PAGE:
Inclusion isn't putting a square peg in a round hole

Inclusion isn't putting a square peg in a round hole

Seeing differences as an asset is crucial if companies want to make smarter, better business decisions. 

That was the message from Dr Jennifer Whelan, founding director of Psynapse Psychometrics, who was guest speaker at the Diversity & Inclusion at Drinks Council's first event, "Leading in an age of inclusion".

Dr Whelan (above) noted that managers usually hire people they regard as being the right "fit" for the company. 

"They make their decision based on someone looking like them, sounding like them, having the same training and socialising the same way," she said. 

While it is important that employees share a business' values, Dr Whelan noted that research shows teams achieve better results when they don't share the same characteristics. It means they can offer a fresh perspective when a different process or solutions to a problem is needed.

Dr Whelan said diversity isn't about putting a square peg in a round hole, but about overcoming unconscious bias to recognise that when everyone thinks the same way a business doesn't grow and evolve as effectively. 

The Drinks Association's D&I vision 

The Drinks Association CEO Georgia Lennon opened the Network Breakfast, noting the association had established initiatives such as the Diversity & Inclusion at Drinks Council, the Women in Drinks Council and various forums to facilitate awareness, challenge perceptions and build practices that establish the drinks industry as destination of choice for great talent.

"This special Network Breakfast is brought to you by both The Drinks Association and our industry run Diversity & Inclusion Council," she said. "The Council is made up of representatives from our member companies who are passionate about the inclusive agenda and creating meaningful change in our industry.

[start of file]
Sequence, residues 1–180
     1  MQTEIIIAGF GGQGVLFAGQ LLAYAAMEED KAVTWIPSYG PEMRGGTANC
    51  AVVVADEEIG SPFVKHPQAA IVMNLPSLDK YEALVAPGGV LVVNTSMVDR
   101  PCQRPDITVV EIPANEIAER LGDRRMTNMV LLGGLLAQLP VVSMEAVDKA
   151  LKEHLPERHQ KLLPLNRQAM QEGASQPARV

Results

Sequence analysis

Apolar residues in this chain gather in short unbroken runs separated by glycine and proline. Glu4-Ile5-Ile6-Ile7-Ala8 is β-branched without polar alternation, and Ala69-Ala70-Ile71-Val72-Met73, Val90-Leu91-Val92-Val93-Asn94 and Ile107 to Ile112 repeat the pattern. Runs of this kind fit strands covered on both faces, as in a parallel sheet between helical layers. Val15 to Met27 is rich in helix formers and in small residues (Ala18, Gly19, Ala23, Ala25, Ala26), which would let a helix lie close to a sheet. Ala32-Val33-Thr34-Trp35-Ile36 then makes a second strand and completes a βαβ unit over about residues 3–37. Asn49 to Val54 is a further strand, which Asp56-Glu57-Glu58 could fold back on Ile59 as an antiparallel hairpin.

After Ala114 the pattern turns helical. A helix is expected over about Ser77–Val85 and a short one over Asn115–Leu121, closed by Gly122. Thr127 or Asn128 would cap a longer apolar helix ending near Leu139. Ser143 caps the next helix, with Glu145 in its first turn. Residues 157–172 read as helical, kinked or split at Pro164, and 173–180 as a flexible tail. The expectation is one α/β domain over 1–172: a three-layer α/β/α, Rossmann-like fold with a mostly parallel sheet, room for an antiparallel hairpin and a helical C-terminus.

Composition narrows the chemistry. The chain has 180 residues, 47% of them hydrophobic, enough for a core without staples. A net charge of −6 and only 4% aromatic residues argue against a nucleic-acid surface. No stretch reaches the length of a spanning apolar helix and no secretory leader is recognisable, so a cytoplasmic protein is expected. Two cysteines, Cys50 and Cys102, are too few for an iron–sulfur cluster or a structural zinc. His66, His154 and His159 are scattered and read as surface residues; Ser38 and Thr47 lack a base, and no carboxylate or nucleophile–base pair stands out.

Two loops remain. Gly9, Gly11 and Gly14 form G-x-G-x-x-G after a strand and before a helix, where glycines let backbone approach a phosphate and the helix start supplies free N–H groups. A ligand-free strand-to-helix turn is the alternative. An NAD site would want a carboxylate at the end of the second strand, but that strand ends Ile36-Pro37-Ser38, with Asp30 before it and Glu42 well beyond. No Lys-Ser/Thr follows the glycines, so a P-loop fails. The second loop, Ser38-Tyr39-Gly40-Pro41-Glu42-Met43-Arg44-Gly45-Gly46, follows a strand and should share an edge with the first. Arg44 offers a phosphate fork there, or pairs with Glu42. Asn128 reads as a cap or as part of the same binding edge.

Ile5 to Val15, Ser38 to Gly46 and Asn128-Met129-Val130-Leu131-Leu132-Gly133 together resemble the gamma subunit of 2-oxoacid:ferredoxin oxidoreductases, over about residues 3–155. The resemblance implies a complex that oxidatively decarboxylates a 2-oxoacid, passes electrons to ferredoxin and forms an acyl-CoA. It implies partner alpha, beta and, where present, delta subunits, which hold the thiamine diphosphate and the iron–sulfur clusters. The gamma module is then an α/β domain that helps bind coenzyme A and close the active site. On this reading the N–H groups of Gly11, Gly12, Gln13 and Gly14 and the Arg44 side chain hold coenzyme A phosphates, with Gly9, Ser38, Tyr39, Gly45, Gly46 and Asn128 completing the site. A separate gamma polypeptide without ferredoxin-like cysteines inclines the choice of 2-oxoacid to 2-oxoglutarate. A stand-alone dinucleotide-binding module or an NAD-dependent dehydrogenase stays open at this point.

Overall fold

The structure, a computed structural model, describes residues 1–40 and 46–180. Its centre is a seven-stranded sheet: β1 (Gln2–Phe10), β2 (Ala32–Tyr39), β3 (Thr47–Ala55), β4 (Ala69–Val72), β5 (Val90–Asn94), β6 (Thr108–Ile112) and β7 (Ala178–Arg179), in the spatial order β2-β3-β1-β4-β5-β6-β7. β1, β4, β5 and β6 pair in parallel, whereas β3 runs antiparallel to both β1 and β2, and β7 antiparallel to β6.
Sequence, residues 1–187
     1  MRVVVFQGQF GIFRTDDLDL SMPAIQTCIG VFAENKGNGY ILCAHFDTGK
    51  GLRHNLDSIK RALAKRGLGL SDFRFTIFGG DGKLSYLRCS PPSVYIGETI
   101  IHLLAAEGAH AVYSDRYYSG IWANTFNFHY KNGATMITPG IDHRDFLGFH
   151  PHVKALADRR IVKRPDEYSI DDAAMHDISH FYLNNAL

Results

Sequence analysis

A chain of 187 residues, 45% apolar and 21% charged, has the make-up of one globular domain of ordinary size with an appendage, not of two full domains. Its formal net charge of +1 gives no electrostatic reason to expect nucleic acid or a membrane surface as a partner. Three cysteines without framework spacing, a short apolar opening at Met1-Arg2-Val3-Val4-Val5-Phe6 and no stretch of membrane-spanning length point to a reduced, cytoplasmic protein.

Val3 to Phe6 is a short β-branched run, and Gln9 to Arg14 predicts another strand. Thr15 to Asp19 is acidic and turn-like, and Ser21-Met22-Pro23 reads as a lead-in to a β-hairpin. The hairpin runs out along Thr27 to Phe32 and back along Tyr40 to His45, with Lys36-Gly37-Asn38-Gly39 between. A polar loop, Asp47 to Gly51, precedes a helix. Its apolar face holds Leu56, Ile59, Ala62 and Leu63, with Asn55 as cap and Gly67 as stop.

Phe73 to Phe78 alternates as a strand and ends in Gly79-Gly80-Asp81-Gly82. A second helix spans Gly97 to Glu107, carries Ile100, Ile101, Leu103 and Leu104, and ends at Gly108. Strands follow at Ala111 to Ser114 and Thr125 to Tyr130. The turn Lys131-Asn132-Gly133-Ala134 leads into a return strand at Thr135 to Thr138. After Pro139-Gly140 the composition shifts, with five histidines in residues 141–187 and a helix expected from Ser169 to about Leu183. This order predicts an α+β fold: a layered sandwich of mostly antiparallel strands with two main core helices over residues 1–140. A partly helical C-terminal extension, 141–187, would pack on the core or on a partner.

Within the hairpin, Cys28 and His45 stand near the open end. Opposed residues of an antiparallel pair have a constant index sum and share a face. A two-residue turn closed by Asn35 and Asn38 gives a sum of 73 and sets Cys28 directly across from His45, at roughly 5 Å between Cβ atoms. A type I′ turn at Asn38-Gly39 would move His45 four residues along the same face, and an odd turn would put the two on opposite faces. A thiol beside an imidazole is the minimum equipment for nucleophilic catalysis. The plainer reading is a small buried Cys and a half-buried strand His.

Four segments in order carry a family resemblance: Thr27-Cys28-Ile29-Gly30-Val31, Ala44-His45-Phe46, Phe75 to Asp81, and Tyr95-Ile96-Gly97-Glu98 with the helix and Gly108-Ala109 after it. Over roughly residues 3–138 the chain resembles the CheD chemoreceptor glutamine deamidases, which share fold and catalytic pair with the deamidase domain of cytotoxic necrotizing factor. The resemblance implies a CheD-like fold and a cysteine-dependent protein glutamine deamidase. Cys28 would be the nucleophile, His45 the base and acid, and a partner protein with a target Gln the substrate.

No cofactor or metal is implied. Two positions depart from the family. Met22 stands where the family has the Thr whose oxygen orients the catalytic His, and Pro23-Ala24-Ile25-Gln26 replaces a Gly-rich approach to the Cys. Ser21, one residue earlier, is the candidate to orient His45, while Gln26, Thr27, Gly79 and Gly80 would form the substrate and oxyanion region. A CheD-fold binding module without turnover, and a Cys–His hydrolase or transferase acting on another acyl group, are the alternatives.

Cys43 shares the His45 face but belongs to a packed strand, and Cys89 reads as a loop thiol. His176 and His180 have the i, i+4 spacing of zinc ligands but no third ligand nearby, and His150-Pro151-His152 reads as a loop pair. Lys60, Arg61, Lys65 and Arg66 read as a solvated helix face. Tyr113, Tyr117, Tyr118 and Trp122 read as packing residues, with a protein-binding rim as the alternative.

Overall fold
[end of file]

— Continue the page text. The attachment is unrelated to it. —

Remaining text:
"The Council is already moving the dial on the D&I discussion, as its members discuss ideas, take them back to their leadership teams and bring them to life in their companies."

Diversity & Inclusion at Drinks Council Chair Denis Brown (pictured above with Dr Whelan) told attendees: "The Diversity & Inclusion Council and the Drinks Board want to make sure the drinks industry is genuinely an attractive one that retains the best and brightest talent. And one of the main ways to sustain this is through our leaders and their inclusive leadership." 

How unconscious bias works

It was fascinating to learn more about how unconscious bias gets in the way of businesses making inclusive decisions.

Dr Whelan explained that the conscious brain doesn't have time to carefully process everything, so it relies on the unconscious "autopilot" to create patterns when it notices things happen regularly and make lightning fast judgments about how to handle them.

While this is handy for the minutiae of daily life, colleagues, managers and leaders need to circumvent it - especially during times of stress, multi-tasking or when under pressure in the workplace - as it relies on gut reactions and generalisations, with no fact-checking or validation.

Whelan also used the example of a hiring process where executives were given resumes with male names on them and then the same resumes with female names on them.

The male applicants were seen as more competent and hireable, while the women were offered 20% less salary.

Dr Whelan offered six small, simple changes to help businesses become more inclusive:

1. Turn taking & speaking last - hear more from a broader range of voices.

2. Monitor and share informal administration work and who you go to with opportunities 

3. Consult dissenters - find people with different views, invite neutral observers

4. Mind your language - avoid stereotypical language, jargon and jokes

5. Introduce tools for challenging biases and assumptions

6. Have a team conversation and agreement around inclusive behaviours

Diversity & Inclusion Council announces "Future fit" session

Brown revealed the Diversity & Inclusion at Drinks Council plans to hold a panel session for all The Drinks Association CEOs, HR leaders and other interested people on September 13.

"The panel will look at how we make the drinks industry 'future fit'," he said. "The session will be held the afternoon before the Australian Drinks Awards and we hope this continues to develop our collective leadership to enhance our diversity and be more inclusive."

Here are some photographs from this morning's event:

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